BACKGROUND OF THE INVENTION

[0001] The Internet and the World Wide Web continue to offer users access to increasingly sophisticated content through Web pages. In the past, Web pages typically contained simple text and some graphics. Thus, the Web pages were very unlikely to cause harm to a user's computer system. Now, Web pages are designed to provide more sophisticated content, that is not natively supported by a browser. The sophisticated content allows the users to interact with Web pages in new and innovative ways. For the purpose of this discussion, this sophisticated content is referred to as active content. In some cases, in order to provide this active content, the Web pages may require additional executable code to run on the system that is viewing the Web page (i.e., the user's system).

[0002] One technique for providing active content is through the use of ActiveX controls. However, ActiveX controls are not only found in Web pages, but are also commonly found in packaged software products, freeware and shareware products. Any of these sources of ActiveX controls may eventually cause the ActiveX control to get installed on the user's system, such as when new software products are installed, when downloading content from the Internet, or the like. Once installed, the ActiveX control is available for use by any code that knows of the ActiveX control's existence.

[0003] For example, a Web page may include an object tag identifying an ActiveX control. A scripting engine within a browser application will read the object tag and instantiate the ActiveX control and begin processing provided by the ActiveX control. When the ActiveX control is designated as unsafe, the Internet browser application will provide an option to the user explaining that the ActiveX control is unsafe and will ask whether the user wishes to proceed anyway. Thus, the user is provided an opportunity to forego using the active content provided by the unsafe ActiveX control. However, once the ActiveX control is designated as safe, the Internet browser application may proceed to run the ActiveX control without warning.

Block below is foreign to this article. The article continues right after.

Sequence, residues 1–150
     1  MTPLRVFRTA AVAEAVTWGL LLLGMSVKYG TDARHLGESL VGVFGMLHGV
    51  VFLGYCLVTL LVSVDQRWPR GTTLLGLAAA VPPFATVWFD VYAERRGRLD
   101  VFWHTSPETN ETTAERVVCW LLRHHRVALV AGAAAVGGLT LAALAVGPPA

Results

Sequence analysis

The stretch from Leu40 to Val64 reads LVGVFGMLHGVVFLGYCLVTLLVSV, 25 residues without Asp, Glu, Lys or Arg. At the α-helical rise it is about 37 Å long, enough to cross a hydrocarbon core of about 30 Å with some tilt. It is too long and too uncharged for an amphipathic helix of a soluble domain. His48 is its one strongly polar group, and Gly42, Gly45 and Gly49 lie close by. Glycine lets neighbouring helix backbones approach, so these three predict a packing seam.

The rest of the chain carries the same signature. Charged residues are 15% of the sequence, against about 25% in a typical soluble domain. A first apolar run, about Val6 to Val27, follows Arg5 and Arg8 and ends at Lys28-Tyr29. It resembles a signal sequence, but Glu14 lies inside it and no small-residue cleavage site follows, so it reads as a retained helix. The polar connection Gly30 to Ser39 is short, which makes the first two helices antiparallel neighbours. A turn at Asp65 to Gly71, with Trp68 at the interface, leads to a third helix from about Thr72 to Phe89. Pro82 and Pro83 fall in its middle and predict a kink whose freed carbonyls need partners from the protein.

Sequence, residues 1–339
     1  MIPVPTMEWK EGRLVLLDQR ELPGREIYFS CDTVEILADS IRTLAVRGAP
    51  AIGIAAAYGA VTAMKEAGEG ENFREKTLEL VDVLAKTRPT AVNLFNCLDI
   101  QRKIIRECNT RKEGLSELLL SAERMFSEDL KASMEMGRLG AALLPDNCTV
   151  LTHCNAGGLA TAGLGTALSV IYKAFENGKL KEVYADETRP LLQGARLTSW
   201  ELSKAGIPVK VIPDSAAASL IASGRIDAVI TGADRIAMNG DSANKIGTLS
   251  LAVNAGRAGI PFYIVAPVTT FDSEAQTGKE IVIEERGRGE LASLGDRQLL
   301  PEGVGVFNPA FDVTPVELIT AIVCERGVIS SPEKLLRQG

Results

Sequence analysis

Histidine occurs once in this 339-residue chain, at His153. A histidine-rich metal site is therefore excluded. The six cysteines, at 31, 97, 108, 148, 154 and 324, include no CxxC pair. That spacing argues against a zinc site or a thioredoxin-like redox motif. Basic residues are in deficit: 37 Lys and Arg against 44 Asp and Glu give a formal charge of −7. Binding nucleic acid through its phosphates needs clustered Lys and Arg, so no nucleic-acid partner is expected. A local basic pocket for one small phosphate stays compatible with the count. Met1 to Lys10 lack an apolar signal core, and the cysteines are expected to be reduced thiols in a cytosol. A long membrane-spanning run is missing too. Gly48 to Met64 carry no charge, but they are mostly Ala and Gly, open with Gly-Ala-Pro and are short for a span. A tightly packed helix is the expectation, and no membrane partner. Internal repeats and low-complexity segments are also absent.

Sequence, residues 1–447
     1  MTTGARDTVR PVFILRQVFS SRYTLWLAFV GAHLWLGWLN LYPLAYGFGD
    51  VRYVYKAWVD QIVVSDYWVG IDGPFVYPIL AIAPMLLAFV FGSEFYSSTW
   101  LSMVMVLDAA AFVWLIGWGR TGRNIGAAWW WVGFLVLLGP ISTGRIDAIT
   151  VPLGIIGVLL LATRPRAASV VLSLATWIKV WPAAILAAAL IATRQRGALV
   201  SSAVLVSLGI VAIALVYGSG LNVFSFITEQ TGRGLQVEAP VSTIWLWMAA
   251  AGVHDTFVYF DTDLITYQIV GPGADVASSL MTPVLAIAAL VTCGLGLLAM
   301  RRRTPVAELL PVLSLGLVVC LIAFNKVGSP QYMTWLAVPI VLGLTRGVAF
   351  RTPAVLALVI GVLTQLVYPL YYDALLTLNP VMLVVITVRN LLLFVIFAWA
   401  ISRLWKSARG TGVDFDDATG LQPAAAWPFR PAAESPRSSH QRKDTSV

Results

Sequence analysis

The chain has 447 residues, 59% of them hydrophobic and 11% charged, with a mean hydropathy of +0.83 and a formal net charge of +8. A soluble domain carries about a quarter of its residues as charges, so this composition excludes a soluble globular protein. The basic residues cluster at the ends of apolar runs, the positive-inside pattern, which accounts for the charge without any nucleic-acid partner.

[0004] Therefore, once the ActiveX control is installed on the user's system and designated as safe, anyone that knows of the control's existence or anyone that finds out about the control's existence may cause the user to use the ActiveX control without the user even knowing. This provides an opportunity for someone to purposefully harm a user's system by using an ActiveX control in a malicious manner. This is especially worrisome because the ActiveX control may get installed on the user's system and designated as safe automatically without warning to the user if the user has previously expressed acceptance of digitally signed code by a company associated with the ActiveX control. Thus, there is a huge concern that someone may use one of the numerous ActiveX controls created by a reputable software company in a malicious manner to harm the user's computer. Until the present invention, a mechanism did not exist that would allow software companies to easily identify potential security risks in ActiveX controls designed by them for use in their commercial software products.

SUMMARY OF THE INVENTION

[0005] The present invention provides a system and method for tracking and verifying that controls associated with an application of interest do not present a potential security risk. The method includes identifying controls of interest by determining which installed software objects associated with the application of interest exhibit certain characteristics, such as being publicly creatable, being designated as safe, and providing a security-related interface. Once the controls of interest are identified from the installed software objects, information associated with each control is obtained and stored. Each time the software program of interest is modified and re-installed, the information is updated to reflect the modifications. Additional information is also stored with the information. The addition information provides a mechanism for tracking changes and verifying testing of the controls of interest.

[0006] In one aspect of the invention, the information and the additional information are provided to a browser for display and are modifiable to describe a present state associated with the control of interest (i.e., tested, untested).

BRIEF DESCRIPTION OF THE DRAWINGS

[0007]FIG. 1 illustrates an exemplary computing device that may be used in one exemplary embodiment of the present invention.